Insulin Pumps and X-rays

“You have to remove your insulin pump before we can take your X-rays,” the technician said to me. I stared at him, and responded point-blank, “What? No, I can’t take it off.” I tried to hide the panic in my voice, but it quavered as tears stung my eyes.

“Well, let me check our insulin pump protocol…” his voice trailed off as he left me in the dark room with my right arm held up in the air in an attempt to mitigate the throbbing sensation going up and down my forearm.

IMG_3979
That pod on my arm can’t simply be removed on command.

When I fell and broke my ulna a couple weeks ago, my insulin pump was one of the last things to cross my mind as I was shuffled from doctor to doctor and one medical facility after the other. All I could concentrate on was the injury – how severe was it? Would I be able to work? Could I keep up my exercise regimen? Was I going to need surgery? My diabetes, for once, was far from my thoughts.

But this instantly changed when I went to get an X-ray. When the technician told me that I’d have to remove my pump, I wanted to shout at him, “No! If I do that, my blood sugar will skyrocket! You can’t expect me to do that!” It was hard to keep calm, and my emotions were already running amok due to the chaos of the morning so far. So even as I tried to fight the tears, a couple escaped and ran down my cheeks. When he came back into the room, the X-ray technician’s expression changed. He looked at me empathetically.

“It’ll be okay. Come on, let’s call your endocrinologist. We’ll see what she has to say and get this all figured out.”

Twenty minutes later, after a series of phone calls and a few accidental hang-ups, we received confirmation that I could, indeed, wear my pump for the X-ray. The nurse practitioner who I spoke with at my endo’s office said that it was safe as long as I wore the protective vest. “It’s really only a problem if you’re going in for an MRI or a CAT scan, because those involve magnets,” he told me.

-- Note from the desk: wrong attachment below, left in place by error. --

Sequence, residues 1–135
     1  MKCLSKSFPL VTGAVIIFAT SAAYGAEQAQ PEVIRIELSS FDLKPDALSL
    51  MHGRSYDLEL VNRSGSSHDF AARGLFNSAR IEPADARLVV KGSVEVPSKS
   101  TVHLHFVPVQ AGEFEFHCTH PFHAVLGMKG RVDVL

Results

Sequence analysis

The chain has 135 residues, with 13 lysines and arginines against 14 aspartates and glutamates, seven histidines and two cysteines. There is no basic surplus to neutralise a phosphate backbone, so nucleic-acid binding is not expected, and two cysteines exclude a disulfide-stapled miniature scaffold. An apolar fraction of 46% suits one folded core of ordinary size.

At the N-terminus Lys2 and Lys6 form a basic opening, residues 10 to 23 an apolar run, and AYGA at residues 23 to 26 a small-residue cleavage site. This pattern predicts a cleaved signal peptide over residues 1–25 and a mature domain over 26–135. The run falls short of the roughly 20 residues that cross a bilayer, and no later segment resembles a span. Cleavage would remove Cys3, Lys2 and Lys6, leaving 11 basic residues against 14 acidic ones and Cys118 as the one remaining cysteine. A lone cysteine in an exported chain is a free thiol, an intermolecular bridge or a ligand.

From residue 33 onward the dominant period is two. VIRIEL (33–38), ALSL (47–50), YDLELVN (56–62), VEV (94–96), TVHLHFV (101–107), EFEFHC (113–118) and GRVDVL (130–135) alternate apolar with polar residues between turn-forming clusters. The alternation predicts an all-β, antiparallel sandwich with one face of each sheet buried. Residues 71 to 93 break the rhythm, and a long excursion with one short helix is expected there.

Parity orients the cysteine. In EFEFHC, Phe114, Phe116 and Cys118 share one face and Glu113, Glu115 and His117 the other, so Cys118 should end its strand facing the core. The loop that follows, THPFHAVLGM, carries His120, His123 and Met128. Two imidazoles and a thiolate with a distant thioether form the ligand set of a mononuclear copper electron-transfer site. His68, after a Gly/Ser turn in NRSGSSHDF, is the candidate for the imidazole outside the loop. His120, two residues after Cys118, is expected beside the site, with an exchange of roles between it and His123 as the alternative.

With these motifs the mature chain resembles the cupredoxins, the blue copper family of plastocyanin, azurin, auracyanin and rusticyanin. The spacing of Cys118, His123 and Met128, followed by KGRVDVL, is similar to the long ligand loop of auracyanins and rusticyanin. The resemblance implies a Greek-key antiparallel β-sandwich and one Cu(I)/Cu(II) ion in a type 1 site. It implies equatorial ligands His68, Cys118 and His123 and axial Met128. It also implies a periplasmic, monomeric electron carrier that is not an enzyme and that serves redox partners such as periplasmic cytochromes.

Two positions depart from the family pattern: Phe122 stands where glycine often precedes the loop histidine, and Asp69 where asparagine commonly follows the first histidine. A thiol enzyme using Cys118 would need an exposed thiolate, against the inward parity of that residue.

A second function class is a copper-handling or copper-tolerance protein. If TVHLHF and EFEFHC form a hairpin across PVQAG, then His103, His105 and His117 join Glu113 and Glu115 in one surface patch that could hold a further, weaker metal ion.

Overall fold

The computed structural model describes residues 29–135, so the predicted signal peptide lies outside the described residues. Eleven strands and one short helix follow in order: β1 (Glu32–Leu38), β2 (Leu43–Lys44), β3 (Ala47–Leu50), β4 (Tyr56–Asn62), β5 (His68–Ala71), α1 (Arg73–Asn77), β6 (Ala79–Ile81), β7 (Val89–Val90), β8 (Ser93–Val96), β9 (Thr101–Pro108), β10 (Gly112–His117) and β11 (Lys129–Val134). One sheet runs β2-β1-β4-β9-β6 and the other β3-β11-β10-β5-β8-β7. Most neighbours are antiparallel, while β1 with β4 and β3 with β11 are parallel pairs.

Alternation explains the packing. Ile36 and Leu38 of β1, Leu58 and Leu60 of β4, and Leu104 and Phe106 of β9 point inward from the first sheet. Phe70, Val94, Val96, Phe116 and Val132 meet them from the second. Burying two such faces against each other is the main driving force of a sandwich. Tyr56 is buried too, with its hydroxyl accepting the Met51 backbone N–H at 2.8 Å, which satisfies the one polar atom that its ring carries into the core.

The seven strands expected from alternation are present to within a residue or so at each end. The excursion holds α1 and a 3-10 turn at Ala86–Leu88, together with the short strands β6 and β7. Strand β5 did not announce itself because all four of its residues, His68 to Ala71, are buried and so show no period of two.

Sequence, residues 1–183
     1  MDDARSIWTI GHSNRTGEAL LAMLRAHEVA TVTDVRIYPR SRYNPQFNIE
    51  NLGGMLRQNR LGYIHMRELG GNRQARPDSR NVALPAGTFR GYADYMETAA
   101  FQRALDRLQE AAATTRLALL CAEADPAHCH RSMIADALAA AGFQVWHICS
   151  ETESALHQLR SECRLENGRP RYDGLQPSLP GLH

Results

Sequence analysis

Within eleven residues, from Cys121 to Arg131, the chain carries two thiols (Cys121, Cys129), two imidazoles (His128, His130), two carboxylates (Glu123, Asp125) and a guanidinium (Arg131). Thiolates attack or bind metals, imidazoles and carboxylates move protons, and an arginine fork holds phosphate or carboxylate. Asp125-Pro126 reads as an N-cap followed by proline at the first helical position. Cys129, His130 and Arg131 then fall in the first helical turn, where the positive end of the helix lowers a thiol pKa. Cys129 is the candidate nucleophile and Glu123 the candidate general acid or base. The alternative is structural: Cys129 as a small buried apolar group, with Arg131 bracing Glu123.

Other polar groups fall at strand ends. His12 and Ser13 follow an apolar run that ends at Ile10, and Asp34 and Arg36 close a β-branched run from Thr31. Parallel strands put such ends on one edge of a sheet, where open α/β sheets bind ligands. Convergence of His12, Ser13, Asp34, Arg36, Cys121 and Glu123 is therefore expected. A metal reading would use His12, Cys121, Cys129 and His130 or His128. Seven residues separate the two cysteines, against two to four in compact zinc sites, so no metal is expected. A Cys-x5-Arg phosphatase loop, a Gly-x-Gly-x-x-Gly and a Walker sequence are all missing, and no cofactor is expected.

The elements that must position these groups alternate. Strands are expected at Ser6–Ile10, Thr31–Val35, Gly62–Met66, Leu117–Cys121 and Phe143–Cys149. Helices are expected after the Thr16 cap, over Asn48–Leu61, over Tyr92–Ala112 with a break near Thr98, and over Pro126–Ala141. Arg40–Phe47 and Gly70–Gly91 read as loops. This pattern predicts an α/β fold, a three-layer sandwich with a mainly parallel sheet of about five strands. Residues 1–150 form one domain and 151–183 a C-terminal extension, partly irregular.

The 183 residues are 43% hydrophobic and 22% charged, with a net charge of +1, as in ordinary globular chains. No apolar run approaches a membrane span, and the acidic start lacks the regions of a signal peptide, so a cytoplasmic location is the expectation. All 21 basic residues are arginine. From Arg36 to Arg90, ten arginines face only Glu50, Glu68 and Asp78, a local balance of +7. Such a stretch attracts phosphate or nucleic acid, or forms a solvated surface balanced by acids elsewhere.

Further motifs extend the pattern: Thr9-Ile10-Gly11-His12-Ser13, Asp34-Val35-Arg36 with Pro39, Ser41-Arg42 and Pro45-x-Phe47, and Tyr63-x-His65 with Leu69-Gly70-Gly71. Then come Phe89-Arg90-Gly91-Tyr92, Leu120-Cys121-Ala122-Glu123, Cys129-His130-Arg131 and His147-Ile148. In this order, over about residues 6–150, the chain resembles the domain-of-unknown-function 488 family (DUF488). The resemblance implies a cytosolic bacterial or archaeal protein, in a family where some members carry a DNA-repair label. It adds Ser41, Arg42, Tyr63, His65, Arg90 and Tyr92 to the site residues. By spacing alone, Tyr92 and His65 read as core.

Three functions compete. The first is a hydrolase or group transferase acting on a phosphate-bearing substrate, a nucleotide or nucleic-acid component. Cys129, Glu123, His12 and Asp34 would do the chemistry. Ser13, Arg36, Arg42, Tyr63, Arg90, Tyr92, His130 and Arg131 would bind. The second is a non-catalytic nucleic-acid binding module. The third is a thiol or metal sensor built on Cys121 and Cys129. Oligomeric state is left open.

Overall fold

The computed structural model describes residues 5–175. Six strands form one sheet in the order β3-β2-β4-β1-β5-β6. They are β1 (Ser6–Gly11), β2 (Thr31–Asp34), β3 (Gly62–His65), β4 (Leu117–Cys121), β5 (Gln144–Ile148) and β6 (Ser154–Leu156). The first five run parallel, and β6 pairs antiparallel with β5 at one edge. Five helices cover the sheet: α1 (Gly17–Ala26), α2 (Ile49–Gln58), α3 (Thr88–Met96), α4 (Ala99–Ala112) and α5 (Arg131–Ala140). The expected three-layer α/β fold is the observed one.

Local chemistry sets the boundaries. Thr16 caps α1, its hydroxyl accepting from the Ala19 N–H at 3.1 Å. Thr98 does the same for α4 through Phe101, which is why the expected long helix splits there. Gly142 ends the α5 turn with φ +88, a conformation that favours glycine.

Once I got off the phone, I ran over to the X-ray technician and explained it to him. He smiled at me and said, “Got it. Let’s get these pictures over with – you’ve already had quite a day so far.”

I nodded and thanked him for his patience. He was right, I was overwhelmed from the events of the day – it wasn’t even noon yet – but in hindsight, I’m glad that the technician didn’t try to fight me when I said I couldn’t remove my pump. His willingness to hear me out was huge. It’s not easy to be your own advocate in a high-stress situation like that. But I’m proud of myself for speaking up and getting the answers we needed. Everything worked out in the end – well, except for that pesky broken-bone bit.

One thought on “Insulin Pumps and X-rays

  1. When I was still on the 670G I moved from one position in the factory I work to another. The problem was that this move put me in contact with magnets, lots of very big ones. The one that really worried me we call the double magnet as it is actually two electromagnets on one huge frame. I was never able to get a gauss number (magnet strength) for it. It really didn’t matter in the end anyway as I soon stopped beating a dead horse with the pump. Here’s what I learned about magnets and pumps, cgms, and other electronic devices. One, distance is the key. A magnets strength drops very fast the farther you are from it, literally a fraction of an inch can cut gauss number in half. Here’s the tricky part, if you connect a piece of steel to this magnet the steel itself becomes magnetic. That gauss number is now radiating out to the edges of that plate. Where I work the sheets of steel are easily 40 feet long (we make semi trailers) so that magnet is now radiating to the ends of that plate. Without the pump I have little fear of either of the big electromagnets I work with. I still wear a Dexcom CGM and have never had any issues being close to the double magnet with 10,000 lbs.table sized pieces of steel. Never a blip on the graph. I’m not sure how long your pump would have been off for but I have taken mine off for up to an hour for MRI and CAT scans. That is the key for me when they tell me I have to take it off. “How long?” are the next words out of my mouth. If I have time to call, I ask endo before going to see what they say about if I should take it off or how long it can be off or maybe take a shot of insulin to fix a high before taking it off. All possible answers to maybe problems. You never know until you dive in. Sounds reckless but talking to endo and the doctor involved in treating your arm is the way to go. Also my favorite is to look it up on my own online or at library. I don’t trust even the “experts” at their word. Have found a lot does not fall into the textbook world for me. lol

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